Rough Beasts of Empire
In the wake of the assassination of the Praetor, the Romulans have cleaved in two. While Empress Donatra has led her Imperial Romulan State to establish relations with the Federation, Praetor Tal'aura has guided the Romulan Star Empire toward joining the Typhon Pact. Numerous factions within the two Romulan nations vie for power and undivided leadership, and plots unfold as forces within and without the empires conduct high-stakes political manoeuvres. Meanwhile, four years after Benjamin Sisko returned from the Celestial Temple, circumstances have changed and his hopes for a peaceful life on Bajor with his wife and daughter begin to slip away. After temporarily rejoining Starfleet for a battle against the Borg, he must consider an offer to have him return for a longer stint.
Reviewed on 22nd January 2011
I was surprised by my disappointment with this novel. I am a big fan of DS9 and its novel continuation, and really enjoyed both the preceding Typhon Pact novels and the Destiny trilogy before that. I also enjoyed George's earlier DS9 book in the Mission Gamma arc.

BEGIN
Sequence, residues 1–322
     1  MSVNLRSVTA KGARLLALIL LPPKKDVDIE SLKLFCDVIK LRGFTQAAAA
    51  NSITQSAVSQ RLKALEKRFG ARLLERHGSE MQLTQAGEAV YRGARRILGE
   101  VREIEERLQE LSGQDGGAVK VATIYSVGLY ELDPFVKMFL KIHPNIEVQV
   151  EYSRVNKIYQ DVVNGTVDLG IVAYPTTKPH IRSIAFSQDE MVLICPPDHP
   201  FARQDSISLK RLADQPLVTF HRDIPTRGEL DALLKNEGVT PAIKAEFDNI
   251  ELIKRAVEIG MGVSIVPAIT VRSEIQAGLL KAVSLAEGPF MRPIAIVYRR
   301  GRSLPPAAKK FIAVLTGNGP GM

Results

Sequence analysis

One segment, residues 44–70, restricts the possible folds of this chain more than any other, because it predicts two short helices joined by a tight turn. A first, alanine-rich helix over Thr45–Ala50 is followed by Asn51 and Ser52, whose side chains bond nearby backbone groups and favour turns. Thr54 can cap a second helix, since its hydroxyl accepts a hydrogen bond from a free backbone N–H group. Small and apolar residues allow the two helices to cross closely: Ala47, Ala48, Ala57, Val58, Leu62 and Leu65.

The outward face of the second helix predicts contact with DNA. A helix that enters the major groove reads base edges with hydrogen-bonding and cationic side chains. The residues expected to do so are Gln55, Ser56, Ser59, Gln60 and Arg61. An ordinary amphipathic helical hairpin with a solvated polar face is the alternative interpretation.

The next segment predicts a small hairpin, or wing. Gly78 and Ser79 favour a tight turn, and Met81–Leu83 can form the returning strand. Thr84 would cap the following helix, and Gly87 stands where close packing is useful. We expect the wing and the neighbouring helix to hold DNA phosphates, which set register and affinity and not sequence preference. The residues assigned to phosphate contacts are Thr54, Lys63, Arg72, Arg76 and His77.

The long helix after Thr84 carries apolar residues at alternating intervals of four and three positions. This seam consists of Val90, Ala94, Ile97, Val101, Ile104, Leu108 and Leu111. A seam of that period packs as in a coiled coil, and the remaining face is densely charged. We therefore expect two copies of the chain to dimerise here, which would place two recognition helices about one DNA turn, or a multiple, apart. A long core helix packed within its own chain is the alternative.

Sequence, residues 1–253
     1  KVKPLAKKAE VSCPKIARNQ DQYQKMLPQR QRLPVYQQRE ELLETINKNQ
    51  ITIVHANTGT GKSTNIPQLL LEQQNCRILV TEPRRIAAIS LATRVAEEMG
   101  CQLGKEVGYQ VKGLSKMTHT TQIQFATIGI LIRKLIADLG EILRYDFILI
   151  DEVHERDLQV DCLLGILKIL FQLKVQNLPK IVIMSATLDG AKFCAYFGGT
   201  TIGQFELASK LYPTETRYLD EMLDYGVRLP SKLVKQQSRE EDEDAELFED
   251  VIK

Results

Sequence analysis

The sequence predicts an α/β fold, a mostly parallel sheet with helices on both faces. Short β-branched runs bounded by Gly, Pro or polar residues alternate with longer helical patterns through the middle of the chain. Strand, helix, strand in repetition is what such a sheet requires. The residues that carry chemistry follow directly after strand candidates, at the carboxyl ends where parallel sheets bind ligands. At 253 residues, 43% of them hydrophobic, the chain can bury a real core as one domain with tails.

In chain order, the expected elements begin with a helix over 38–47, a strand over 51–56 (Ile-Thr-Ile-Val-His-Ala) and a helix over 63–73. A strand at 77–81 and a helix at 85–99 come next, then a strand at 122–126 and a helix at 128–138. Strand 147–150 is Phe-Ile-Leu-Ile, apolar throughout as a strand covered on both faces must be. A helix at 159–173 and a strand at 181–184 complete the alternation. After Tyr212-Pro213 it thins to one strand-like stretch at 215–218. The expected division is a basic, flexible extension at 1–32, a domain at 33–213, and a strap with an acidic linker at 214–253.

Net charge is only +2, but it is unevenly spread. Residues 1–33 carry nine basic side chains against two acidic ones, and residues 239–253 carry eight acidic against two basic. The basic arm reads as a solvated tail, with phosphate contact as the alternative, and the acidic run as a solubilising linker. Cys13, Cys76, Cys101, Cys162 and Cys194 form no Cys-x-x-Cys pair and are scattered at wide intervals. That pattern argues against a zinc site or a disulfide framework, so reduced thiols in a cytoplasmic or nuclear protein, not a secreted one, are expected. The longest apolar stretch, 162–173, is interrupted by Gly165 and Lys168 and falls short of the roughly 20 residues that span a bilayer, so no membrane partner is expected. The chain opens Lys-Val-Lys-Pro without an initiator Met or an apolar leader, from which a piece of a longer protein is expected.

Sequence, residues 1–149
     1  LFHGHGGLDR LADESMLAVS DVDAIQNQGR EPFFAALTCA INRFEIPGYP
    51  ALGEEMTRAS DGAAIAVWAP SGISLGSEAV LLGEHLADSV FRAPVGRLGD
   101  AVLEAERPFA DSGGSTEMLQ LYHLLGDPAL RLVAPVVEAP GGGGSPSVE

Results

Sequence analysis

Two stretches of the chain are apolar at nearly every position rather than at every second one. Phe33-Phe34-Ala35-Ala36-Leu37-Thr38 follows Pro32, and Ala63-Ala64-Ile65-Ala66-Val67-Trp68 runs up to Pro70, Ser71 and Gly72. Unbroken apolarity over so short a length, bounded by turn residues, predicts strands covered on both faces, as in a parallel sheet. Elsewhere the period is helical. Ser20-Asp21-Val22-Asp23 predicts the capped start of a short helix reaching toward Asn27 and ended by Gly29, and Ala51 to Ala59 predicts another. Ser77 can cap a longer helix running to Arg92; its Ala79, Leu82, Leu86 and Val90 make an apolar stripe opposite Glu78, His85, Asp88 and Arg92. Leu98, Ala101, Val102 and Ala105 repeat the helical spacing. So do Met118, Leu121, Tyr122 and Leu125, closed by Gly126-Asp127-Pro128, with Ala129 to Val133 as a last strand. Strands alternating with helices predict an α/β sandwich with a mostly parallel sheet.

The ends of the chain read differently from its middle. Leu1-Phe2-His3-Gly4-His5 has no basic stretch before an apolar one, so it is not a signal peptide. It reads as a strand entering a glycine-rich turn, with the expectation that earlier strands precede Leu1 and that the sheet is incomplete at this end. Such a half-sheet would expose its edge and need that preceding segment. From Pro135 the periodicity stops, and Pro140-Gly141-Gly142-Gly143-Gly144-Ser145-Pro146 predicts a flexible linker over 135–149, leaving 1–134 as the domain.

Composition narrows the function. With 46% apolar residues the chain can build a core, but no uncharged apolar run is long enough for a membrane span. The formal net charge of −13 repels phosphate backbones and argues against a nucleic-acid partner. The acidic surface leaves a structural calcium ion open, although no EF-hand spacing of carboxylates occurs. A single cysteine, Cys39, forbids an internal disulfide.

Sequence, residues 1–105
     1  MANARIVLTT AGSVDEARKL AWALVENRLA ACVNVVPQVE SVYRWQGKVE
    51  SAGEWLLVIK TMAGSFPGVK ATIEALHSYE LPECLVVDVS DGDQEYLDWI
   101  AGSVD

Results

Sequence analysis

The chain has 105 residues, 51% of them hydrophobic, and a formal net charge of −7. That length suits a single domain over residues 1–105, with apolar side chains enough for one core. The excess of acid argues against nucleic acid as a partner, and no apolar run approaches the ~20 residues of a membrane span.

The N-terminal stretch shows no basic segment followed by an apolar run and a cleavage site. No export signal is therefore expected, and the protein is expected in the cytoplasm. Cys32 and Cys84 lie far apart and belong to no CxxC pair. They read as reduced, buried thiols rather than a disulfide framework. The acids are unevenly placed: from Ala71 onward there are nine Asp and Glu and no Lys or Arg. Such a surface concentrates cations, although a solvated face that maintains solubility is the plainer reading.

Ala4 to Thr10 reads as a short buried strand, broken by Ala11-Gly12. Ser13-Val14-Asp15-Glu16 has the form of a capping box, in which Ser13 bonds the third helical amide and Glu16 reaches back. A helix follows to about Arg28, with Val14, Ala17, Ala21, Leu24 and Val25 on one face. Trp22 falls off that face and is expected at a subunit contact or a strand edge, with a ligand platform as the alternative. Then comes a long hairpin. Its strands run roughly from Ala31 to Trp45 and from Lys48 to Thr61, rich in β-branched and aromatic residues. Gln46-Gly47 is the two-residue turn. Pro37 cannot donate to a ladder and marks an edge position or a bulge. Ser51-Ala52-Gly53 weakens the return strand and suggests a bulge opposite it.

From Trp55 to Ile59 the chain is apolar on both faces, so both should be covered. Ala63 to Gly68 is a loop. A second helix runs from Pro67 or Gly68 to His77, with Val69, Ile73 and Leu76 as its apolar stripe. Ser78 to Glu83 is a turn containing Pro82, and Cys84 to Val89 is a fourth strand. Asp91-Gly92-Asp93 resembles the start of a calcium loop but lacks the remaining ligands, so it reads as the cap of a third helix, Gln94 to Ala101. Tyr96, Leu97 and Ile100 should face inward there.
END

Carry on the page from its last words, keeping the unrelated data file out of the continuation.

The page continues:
This novel, set earlier than the other two Typhon Pact novels, though it doesn't tell the reader that, focusses on the Romulans, and that is it's redeeming feature. The political machinations are the most interesting part of the story.
The thing that annoys me most is the glossing over of the continuing DS9 storyline. At the end of 'The Soul Key' the storyline was building up towards something good, but the publishers abandoned that plotline, leaving it on a cliffhanger, and jumped the story several years into the future. George makes vague references to events in this period, but the lack of detail and the extreme consequences of these unseen occurrences make aspects of this book unbelievable. The changes to the characters of Sisko and Kira are wild and warrant explanation, while very little is forthcoming.
That moan out of the way, this book is quite chaotically put together, with gaps of months between chapters which break the flow of the narrative and on the odd occasion it jumps the other way, and has unannounced flashbacks, which have the same effect.
Overall this book feels like a filler. While it does deal with the Romulans to a similar depth as the previous novels did with other Typhon Pact members, it doesn't really add anything new that we didnt know from earlier stories. The coverage of the Tzenkethi is vague and feels like padding. While the conclusion of the book feels necessary to the story arc as a whole, the ends fail to justify the means in this case, and like I said, it disappointed me.